SC2245 – ShellCheck Wiki

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-d only applies to the first expansion of this glob. Use a loop to check any/all.

Problematic code:

if [ -f ksh* ]
  echo "The file exists"

Correct code:

for f in ksh*
  if [ -f "$f" ]
    echo "Found a matching file: $f"


Ksh has the curious behavior of ignoring anything after an unrecognized flag to test/[, which means that file checking operators against globs will effectively apply the operator to the first expansion:

[ -f ksh* ]                              # This
[ -f ksh93u ksh93u.tar ksh93u.tar.gz ]   # Becomes this
[ -f ksh93u ]                            # And is interpreted like this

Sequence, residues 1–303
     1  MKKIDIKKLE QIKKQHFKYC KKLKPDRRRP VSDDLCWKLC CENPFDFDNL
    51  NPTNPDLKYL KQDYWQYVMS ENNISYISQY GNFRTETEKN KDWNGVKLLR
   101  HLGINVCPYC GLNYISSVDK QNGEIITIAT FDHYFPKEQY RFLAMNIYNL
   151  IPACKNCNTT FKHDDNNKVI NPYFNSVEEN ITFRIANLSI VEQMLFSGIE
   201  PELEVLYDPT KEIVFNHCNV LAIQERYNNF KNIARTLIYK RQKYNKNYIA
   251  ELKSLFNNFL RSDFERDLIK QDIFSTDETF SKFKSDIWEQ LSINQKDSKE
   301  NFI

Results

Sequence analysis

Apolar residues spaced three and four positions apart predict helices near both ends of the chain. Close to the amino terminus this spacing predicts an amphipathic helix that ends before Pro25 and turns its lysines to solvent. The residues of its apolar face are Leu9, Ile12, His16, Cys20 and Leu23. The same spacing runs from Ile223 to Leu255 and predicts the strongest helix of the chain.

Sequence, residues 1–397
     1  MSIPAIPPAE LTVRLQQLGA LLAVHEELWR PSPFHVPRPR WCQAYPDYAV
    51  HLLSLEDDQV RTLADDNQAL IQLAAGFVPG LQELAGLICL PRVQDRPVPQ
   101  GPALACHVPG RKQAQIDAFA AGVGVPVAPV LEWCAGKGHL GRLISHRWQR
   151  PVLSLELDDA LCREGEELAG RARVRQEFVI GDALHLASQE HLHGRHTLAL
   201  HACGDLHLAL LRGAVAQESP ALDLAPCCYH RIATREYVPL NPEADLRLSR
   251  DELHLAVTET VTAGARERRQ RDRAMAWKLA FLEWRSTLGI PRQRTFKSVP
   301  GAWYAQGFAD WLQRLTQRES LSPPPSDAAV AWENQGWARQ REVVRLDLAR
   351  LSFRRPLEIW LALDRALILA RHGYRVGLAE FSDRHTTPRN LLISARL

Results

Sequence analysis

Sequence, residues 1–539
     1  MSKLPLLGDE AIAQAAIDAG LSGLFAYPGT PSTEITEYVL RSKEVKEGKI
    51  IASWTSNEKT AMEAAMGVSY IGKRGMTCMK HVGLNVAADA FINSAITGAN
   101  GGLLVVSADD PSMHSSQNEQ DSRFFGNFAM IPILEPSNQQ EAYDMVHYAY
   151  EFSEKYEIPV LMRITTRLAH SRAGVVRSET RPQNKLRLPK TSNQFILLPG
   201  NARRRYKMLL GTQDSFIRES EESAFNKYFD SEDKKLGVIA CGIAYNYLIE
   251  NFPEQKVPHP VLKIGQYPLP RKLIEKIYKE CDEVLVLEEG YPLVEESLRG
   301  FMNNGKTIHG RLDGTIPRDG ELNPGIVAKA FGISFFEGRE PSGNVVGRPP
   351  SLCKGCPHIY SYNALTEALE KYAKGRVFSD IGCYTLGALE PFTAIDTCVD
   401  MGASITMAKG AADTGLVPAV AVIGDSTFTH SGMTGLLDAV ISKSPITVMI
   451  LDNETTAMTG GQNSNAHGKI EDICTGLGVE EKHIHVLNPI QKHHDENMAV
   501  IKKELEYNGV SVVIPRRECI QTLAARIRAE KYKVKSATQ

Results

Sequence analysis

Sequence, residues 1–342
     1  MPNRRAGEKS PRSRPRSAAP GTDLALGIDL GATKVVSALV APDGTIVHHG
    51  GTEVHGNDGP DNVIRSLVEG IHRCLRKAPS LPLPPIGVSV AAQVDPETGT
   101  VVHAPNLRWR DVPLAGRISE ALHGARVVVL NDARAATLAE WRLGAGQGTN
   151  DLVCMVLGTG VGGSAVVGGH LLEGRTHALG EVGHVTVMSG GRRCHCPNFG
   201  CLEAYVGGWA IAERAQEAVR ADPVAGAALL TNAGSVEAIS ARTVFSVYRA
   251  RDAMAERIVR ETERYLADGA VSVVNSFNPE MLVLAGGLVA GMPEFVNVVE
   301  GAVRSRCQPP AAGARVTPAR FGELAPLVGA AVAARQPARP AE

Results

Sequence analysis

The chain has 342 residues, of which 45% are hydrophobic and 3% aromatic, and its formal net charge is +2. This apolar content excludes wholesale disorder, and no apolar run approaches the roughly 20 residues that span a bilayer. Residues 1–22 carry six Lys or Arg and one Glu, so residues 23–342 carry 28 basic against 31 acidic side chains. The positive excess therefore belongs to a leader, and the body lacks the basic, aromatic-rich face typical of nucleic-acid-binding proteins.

This is an issue when you have multiple matches for a glob. Instead of checking some or all, it only checks the first result and ignores the rest. To ensure that all results are considered (either to check that any or all results match the operator), use a loop explicitly.

If you really only want to match the first result of the glob expansion as sorted alphabetically in the current locale, you can make this intention explicit:

matches=( ksh* )
if [ -f "${matches[0]}" ]
  echo "The first result is a file"


If you only care that entries exists, use -e. ShellCheck does not warn in this case, since all files resulting from glob expansion necessarily exist.

ShellCheck is a static analysis tool for shell scripts. This page is part of its documentation.